For every bear bought in the U.S., a "twin" bear will be delivered to a child in a refugee camp.

In place of the "coping kit" given to the Syrian children, the U.S. bears come with short poems to help their new owners learn about and empathize with the children of the refugee crisis in a gentle, age-appropriate way.

These little poems tackle heavy issues like feeling sad, missing friends, having bad dreams, or being scared.


I'm a grown adult, and I think even I could benefit from these at times.

It costs $40 to buy a Threadies bear and give one to a child in a refugee camp. And while that price may seem a little steep, Jones said the price breaks down into four categories: "labor, programming, logistics, and re-investment."

With an estimated 60 million refugees in the world (half are children), Threadies has their work cut out for them.

In every sense of the word, Threadies is a startup, and Jones said that any money the company raises that doesn't go toward paying the workers, transporting materials and goods, and paying CCF will be reinvested in the company to begin scaling up to get the bears more widely distributed.

"We will not be paying ourselves a dime from the Kickstarter," he said.

"Even if we're wildly successful with Kickstarter, we'll only be able to deliver a fraction of the bears that are truly needed," Jones explained. "In two refugee camps in Jordan alone, we could deliver over 50,000 bears without blinking. The true need is closer to a million, and that's just Syria."

The goal is, with the help of IMC, to be able to swoop in and deliver bears to children wherever there's unrest in the world. ("We want to go to East and Central Africa next," Jones said.)

But right now they're just trying to fund the next batch of bears.

Interested in purchasing your very own bear (and helping fund one for a refugee child)? Check out Threadies on Kickstarter.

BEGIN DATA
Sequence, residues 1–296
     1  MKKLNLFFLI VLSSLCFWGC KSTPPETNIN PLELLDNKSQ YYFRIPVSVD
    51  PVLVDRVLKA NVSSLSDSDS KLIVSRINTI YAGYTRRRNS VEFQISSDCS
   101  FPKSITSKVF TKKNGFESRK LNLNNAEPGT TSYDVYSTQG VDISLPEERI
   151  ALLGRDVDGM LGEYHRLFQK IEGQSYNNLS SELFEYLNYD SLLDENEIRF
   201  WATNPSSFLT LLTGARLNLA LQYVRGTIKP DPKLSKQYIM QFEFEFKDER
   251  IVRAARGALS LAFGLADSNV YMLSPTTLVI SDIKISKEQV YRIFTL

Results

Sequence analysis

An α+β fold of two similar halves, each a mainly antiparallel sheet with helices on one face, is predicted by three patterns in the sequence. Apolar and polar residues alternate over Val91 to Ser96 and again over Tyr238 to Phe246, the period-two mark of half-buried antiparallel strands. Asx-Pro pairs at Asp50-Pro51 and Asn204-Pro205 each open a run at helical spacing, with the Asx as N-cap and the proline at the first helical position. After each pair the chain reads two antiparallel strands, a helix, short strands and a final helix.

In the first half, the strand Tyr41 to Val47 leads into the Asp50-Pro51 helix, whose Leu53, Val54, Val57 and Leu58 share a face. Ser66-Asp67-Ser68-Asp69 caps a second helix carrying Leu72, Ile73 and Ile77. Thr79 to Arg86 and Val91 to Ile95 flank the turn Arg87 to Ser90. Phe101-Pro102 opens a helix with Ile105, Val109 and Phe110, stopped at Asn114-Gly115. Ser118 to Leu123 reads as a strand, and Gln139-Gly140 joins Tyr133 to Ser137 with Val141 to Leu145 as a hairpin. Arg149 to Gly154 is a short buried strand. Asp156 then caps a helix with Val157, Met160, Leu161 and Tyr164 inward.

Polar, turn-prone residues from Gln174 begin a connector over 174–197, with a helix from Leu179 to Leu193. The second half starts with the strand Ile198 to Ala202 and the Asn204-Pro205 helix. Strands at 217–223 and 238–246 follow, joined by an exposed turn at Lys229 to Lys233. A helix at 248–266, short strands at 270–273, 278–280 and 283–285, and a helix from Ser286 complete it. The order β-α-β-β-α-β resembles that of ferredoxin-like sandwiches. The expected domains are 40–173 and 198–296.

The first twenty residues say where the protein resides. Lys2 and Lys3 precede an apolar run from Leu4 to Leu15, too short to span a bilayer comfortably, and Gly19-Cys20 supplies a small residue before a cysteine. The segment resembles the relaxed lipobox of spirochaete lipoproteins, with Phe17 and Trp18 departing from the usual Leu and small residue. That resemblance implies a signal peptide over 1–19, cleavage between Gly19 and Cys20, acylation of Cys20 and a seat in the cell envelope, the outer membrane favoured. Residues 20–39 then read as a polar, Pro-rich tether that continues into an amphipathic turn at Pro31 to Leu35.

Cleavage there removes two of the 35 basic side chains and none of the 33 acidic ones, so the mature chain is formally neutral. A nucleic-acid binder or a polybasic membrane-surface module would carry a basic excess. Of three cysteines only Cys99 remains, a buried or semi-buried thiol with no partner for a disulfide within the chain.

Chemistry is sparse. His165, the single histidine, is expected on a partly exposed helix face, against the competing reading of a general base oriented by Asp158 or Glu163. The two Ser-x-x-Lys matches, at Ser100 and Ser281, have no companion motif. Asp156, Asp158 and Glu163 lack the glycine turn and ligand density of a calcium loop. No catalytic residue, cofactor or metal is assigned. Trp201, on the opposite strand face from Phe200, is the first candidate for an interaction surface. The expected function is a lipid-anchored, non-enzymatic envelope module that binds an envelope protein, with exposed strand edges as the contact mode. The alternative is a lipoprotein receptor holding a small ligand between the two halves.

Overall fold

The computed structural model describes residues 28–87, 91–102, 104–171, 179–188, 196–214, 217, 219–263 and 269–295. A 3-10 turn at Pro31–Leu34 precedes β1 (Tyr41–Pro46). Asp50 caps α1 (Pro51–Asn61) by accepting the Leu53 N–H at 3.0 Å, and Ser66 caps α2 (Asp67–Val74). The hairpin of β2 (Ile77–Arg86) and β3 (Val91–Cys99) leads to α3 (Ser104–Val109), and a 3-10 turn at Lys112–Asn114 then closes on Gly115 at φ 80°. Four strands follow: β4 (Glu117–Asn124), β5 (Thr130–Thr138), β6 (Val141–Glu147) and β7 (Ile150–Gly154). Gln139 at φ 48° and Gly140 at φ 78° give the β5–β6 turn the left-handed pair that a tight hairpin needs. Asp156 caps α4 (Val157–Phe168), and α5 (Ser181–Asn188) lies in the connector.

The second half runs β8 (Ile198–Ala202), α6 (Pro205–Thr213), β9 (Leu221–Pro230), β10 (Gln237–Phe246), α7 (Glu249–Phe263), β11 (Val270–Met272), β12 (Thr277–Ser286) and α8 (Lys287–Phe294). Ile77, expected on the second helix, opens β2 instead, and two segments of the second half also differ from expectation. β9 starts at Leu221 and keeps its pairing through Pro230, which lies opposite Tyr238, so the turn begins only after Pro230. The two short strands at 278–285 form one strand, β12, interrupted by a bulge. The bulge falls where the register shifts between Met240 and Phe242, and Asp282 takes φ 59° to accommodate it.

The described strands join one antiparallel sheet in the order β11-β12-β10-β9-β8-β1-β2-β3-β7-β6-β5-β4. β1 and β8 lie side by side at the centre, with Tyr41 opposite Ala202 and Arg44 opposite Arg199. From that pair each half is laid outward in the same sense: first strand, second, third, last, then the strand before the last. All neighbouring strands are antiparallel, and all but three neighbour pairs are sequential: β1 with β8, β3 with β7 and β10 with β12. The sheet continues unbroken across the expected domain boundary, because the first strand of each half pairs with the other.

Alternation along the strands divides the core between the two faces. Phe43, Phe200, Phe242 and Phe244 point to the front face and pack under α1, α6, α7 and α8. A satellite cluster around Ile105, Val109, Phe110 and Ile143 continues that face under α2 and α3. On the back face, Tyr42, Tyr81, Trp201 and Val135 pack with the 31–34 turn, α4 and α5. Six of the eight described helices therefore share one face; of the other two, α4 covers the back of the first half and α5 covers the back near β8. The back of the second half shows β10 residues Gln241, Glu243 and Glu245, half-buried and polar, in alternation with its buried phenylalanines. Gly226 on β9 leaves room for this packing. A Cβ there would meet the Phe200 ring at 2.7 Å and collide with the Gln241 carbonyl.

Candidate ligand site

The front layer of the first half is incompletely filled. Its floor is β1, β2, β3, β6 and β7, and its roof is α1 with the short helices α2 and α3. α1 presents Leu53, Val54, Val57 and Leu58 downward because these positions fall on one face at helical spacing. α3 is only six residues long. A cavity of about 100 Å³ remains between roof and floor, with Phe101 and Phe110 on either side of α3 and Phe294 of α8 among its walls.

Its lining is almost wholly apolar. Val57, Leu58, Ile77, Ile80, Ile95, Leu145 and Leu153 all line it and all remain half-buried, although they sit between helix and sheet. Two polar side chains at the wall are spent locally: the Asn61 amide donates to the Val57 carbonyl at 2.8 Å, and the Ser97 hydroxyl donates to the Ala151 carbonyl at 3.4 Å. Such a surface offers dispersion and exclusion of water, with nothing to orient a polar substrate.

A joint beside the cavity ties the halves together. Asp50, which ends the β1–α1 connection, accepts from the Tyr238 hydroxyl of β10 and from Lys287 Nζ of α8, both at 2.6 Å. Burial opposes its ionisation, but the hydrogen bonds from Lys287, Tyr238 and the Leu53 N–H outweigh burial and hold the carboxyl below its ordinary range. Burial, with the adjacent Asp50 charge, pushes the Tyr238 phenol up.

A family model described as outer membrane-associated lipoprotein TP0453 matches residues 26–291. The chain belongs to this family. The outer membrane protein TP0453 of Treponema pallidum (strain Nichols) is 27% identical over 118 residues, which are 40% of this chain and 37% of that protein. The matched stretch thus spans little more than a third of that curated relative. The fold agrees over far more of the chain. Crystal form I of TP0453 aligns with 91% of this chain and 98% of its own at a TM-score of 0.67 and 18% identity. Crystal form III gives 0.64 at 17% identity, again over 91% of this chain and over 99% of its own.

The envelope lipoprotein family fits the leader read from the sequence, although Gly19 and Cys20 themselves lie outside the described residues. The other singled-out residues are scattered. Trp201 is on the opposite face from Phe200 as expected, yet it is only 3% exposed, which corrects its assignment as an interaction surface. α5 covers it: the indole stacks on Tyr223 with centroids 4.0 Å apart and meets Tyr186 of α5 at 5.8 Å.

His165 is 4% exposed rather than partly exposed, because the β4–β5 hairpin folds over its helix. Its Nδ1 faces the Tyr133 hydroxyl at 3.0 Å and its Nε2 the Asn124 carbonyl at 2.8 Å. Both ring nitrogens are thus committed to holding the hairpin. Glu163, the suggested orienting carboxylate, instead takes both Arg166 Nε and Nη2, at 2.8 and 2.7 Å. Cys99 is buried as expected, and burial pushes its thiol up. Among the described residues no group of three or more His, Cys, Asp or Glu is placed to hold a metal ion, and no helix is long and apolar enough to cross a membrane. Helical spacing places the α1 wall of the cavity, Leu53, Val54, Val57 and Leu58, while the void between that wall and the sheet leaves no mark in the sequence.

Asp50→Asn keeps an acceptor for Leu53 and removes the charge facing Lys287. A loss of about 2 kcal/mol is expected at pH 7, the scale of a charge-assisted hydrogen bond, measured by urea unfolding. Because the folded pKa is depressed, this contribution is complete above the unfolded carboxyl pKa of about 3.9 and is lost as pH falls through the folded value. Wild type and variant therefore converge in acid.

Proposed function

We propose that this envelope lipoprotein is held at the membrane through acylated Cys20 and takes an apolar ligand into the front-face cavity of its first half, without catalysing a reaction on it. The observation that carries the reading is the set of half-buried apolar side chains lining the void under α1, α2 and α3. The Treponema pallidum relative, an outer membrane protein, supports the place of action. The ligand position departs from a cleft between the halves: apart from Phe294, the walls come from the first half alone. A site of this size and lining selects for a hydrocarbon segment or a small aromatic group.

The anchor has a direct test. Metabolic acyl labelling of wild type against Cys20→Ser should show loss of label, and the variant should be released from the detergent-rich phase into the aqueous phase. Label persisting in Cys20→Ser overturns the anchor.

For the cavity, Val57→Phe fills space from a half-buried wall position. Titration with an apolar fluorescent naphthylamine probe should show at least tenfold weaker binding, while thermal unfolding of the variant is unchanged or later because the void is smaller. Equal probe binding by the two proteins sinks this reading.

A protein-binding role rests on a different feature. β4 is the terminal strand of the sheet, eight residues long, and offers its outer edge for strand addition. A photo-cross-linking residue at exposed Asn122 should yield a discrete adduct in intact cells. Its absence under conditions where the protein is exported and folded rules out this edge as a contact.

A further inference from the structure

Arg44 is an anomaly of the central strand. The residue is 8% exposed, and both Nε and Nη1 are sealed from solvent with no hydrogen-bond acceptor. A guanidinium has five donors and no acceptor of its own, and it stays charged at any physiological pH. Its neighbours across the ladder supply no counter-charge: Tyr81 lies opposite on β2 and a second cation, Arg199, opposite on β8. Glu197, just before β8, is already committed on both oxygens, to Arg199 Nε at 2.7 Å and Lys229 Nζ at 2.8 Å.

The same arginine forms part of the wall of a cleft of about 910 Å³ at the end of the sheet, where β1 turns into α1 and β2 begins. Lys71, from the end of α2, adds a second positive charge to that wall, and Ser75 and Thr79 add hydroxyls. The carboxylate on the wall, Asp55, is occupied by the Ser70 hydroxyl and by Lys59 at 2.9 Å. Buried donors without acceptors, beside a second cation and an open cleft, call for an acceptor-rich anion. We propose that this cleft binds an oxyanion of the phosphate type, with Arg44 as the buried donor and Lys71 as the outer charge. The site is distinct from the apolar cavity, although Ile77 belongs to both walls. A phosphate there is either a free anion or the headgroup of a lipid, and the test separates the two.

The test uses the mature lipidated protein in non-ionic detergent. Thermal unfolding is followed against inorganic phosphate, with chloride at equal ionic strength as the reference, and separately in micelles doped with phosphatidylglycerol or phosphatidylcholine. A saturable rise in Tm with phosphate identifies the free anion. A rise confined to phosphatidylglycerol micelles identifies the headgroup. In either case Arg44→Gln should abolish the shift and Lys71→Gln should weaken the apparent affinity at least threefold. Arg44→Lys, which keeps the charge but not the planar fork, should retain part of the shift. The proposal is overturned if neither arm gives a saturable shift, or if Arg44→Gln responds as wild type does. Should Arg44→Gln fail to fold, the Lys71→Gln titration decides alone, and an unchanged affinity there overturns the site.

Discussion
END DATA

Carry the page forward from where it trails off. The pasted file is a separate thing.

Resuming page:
True

Judy Vaughan has spent most of her life helping other women, first as the director of House of Ruth, a safe haven for homeless families in East Los Angeles, and later as the Project Coordinator for Women for Guatemala, a solidarity organization committed to raising awareness about human rights abuses.

But in 1996, she decided to take things a step further. A house became available in the mid-Wilshire area of Los Angeles and she was offered the opportunity to use it to help other women and children. So, in partnership with a group of 13 people who she knew from her years of activism, she decided to make it a transitional residence program for homeless women and their children. They called the program Alexandria House.

"I had learned from House of Ruth that families who are homeless are often isolated from the surrounding community," Judy says. "So we decided that as part of our mission, we would also be a neighborhood center and offer a number of resources and programs, including an after-school program and ESL classes."

She also decided that, unlike many other shelters in Los Angeles, she would accept mothers with their teenage boys.

"There are very few in Los Angeles [that do] due to what are considered liability issues," Judy explains. "Given the fact that there are (conservatively) 56,000 homeless people and only about 11,000 shelter beds on any one night, agencies can be selective on who they take."